President John F. Kennedy established the Peace Corps in 1961. The group is a government program that Americans are encouraged to participate in if they are passionate for seeing change in the world.
The Peace Corps’ “work at the forefront of change is turning the world’s challenges into shared triumphs.” Their mission is twofold: to make lasting relationships with countries abroad and to serve the international communities that need it the most.
This government agency would not be where it is today without its team of volunteers. Since the beginning, the Peace Corps received over 220,000 volunteers.
Serving as a volunteer in the Peace Corps, one embarks on a two-year journey to a foreign country in need of help. The program makes sure that each volunteer can contribute something special by utilizing his or her specific skills.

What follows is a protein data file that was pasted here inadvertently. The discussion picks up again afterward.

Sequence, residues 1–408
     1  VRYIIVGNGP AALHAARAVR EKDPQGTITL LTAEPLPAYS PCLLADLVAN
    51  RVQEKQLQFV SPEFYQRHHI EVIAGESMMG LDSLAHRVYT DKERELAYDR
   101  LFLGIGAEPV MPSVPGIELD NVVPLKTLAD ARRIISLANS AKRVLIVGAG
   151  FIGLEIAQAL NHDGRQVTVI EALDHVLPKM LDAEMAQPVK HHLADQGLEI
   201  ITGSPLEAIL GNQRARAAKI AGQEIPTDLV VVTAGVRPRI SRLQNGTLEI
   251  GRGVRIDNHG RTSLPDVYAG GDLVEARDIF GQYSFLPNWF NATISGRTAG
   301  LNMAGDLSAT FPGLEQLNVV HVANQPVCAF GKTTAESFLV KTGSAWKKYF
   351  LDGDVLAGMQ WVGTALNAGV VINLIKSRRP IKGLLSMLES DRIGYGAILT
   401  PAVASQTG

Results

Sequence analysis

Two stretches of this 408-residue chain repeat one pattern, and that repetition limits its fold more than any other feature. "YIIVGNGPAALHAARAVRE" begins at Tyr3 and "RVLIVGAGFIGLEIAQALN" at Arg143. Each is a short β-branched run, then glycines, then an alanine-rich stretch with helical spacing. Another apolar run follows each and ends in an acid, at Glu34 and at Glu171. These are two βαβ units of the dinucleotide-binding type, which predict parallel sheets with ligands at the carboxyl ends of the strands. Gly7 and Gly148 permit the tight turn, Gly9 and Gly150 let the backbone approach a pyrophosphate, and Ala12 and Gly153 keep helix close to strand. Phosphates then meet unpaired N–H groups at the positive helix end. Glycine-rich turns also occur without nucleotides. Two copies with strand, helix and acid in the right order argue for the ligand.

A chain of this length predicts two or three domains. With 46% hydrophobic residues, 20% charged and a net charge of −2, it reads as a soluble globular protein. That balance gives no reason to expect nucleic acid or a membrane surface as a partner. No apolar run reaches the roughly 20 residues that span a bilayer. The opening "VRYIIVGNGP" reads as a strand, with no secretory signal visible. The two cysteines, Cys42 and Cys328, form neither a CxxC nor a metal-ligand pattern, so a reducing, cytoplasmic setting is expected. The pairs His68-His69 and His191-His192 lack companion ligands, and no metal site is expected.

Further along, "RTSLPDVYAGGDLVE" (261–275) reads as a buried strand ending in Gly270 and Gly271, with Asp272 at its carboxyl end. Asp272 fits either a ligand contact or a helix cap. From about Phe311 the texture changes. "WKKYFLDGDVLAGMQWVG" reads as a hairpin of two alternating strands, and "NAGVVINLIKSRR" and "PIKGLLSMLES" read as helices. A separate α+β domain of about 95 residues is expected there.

Not only do volunteers make a difference in the lives of the community members they are serving, but they also acquire a self-knowledge and perspective that cannot be taught.
In the words of a Corps volunteer, “the cultural humility and wide-lens perspective I gained in Uganda will echo through everything I do in my own country.”
Each volunteer can recall different aspects of serving in the Peace Corps that were fundamental to forming their being: strength, dedication, hard work or communication.
With their team of dedicated volunteers, the Peace Corps has helped over 60 countries in many different fields. Examples include agriculture, the environment, economic development, health, education and youth development.
So, is the Peace Corps truly making a difference? Yes, on many levels. There are daily success stories, small and big, from volunteers and workers in the Peace Corps. Whether this is educating a mother about proper nutrition for her baby or eliminating malaria in African communities, each success is worthy of celebration.
– Sydney Missigman